We fancy ourselves experts on the Colorado outdoors. But even we aren’t 100% sure how to pronounce every place name on the state map.
So this week, we double-checked the pronunciation of a few of the state’s more exotically-named locales. We found some cool hikes, too.
Weminuche (WEM-in-ooch) Wilderness
Named after a sub-unit of the Ute Tribe, the Weminuche is Colorado’s largest wilderness area. At almost 500,000 aces, the area contains three 14ers, and almost 30 13ers. Most of the wilderness is more than 10,000 feet above sea level.
Any Weminuche hike will offer good views, but our favorite is the moderate 11-mile roundtrip Crater Lake Trail (#623). With just 1,000 feet of elevation gain one way on a defined, heavy-use trail, the hike is doable with snowshoes. Its ultimate destination, North Twilight Lake, is a guaranteed Instagram hit.
If you go: Drive south on US 550 from Silverton for seven miles to the Andrews Lake Road, almost a mile on the left after Molas Pass. After about half a mile on paved road, you’ll reach the trailhead and parking lot at Andrews Lake.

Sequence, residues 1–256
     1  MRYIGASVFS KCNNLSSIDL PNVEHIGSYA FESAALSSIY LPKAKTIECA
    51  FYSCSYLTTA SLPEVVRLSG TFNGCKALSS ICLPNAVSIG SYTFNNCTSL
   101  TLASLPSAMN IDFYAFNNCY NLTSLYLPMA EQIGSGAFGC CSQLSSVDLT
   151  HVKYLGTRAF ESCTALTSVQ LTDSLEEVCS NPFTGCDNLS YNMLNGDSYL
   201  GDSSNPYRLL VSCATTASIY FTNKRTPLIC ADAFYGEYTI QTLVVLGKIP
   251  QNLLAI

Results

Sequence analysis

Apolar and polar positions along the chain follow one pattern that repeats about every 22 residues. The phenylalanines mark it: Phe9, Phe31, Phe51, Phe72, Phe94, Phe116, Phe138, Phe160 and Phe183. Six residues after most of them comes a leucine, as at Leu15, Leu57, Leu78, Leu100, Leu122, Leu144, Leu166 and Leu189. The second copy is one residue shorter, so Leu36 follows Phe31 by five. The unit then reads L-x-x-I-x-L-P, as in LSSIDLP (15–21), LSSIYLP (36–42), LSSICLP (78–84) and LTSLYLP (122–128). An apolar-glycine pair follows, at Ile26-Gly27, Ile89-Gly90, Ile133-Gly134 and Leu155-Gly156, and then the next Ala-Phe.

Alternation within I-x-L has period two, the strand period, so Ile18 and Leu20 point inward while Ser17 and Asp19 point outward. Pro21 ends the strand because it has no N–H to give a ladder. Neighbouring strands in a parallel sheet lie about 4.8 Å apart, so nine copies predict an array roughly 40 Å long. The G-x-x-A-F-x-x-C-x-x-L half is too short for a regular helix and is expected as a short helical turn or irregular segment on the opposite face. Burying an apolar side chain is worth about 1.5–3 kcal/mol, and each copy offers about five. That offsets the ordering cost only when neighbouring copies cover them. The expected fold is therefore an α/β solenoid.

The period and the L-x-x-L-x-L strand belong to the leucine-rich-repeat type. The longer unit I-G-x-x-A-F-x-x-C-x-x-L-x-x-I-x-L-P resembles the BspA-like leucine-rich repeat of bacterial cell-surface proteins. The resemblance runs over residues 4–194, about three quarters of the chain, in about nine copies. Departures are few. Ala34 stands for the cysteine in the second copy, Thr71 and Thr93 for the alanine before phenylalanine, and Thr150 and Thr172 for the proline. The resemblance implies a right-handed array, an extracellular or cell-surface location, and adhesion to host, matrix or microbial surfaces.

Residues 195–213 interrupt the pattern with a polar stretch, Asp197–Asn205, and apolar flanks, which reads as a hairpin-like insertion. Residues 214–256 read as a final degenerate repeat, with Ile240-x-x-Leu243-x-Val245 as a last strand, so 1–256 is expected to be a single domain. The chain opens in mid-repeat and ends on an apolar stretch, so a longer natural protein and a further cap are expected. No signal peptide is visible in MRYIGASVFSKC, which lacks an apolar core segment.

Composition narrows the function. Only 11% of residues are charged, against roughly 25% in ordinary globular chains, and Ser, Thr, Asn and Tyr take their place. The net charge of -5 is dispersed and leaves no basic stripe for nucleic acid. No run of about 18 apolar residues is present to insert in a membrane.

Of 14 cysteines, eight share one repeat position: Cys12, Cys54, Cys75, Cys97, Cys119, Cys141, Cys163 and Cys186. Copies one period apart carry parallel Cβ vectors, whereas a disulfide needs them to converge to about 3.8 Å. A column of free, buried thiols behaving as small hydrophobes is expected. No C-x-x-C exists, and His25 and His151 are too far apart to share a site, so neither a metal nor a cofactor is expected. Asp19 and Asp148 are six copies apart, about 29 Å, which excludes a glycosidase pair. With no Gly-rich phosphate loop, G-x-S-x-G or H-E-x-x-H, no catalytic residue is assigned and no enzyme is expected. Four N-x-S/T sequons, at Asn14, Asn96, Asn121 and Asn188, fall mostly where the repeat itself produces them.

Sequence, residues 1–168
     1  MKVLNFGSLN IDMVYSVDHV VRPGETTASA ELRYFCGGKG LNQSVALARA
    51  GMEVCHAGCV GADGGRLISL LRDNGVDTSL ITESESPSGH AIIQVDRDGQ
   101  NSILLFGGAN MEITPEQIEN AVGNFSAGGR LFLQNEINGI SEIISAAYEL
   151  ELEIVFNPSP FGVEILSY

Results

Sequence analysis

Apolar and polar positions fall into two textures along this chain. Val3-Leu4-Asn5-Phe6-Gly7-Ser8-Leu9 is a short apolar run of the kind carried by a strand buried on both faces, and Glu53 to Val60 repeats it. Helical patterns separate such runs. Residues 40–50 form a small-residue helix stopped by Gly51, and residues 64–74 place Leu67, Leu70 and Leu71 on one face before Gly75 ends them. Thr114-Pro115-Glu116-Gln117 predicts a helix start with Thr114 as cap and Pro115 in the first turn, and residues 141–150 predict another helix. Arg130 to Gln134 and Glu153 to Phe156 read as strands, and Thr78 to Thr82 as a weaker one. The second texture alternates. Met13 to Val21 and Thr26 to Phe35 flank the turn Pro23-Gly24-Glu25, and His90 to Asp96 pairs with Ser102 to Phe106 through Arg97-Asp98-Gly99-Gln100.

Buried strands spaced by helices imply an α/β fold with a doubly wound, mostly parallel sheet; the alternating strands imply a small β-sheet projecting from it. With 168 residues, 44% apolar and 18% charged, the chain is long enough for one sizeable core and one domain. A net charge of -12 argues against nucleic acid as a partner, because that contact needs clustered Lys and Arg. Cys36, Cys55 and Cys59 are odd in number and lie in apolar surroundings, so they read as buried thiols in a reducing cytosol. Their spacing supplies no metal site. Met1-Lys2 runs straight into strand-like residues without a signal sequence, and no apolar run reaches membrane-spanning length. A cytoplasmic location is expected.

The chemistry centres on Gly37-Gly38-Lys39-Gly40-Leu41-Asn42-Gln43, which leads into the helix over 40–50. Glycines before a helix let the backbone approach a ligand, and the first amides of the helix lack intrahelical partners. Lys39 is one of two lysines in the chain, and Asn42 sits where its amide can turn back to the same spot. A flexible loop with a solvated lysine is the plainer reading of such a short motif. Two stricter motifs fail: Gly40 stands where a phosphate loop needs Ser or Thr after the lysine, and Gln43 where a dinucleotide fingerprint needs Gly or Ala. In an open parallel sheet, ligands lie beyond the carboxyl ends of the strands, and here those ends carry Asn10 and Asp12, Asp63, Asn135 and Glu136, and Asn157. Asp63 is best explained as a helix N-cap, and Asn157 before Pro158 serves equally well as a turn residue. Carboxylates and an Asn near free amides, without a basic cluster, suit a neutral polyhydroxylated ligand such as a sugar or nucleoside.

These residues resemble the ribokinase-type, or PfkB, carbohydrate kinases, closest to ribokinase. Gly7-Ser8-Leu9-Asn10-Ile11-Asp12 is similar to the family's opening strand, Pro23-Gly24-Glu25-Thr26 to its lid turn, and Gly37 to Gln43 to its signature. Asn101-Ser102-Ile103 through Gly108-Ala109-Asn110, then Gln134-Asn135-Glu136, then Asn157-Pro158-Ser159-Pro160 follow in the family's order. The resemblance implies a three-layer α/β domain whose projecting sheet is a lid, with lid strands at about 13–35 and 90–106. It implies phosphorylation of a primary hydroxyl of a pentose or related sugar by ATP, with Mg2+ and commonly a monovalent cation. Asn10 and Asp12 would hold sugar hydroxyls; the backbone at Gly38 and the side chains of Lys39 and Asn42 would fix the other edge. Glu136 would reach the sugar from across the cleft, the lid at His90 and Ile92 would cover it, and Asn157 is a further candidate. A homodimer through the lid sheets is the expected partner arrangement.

Photo by Jimmy Thomas.
Penitente (pen-i-TEN-tey) Canyon
Penitente Canyon is named after Los Hermanos Penitentes: a reclusive catholic sect that settled the area in the late 1800s. It’s a pretty perfect place for that kind of group—the canyon is beautiful, remote, and free from snow almost all year.
Though its best known as a climbing destination, Penitente has no shortage of quality hiking. Our favorite trail is the 3-mile Penitente Canyon Trail loop, which starts at the trailhead of the same name.
If you go: From Denver, go south US 285 for about 200 miles. When you’re about 12 miles north of Del Norte, take a right on ‘G’. Follow for 7 miles until La Gartia. Drive another mile, take a left on Country Road 38. Follow the signs to the canyon. Camping is $11 per night.
Photo courtesy Bureau of Land Management.
The town of Ouray (you-RAY)
Probably no pronunciation in Colorado is as debated as the name of the Switzerland of America. But the one we’ve got here is correct—it’s the name of Ute Chief Ouray, who used the area as a summer retreat long before white settlement.
The town is surrounded by winter activities, but for hikers we recommend the 2-mile Ironton Townsite Loop Snow Trail (#701) at nearby Ironton Park for a two-mile adventure in the snow. The trail tours the ruins of an old mining town, and is popular among both snowshoers and cross-country skiers.
If you go: From Ouray, drive about eight miles south on US 550, the Million Dollar Highway, until the intersection of County Road 20. Parking lot is obvious from there. After your hike, stop in to the Ourayle House and say hi to Hutch for us.
Photo and words by Anna Baldwin.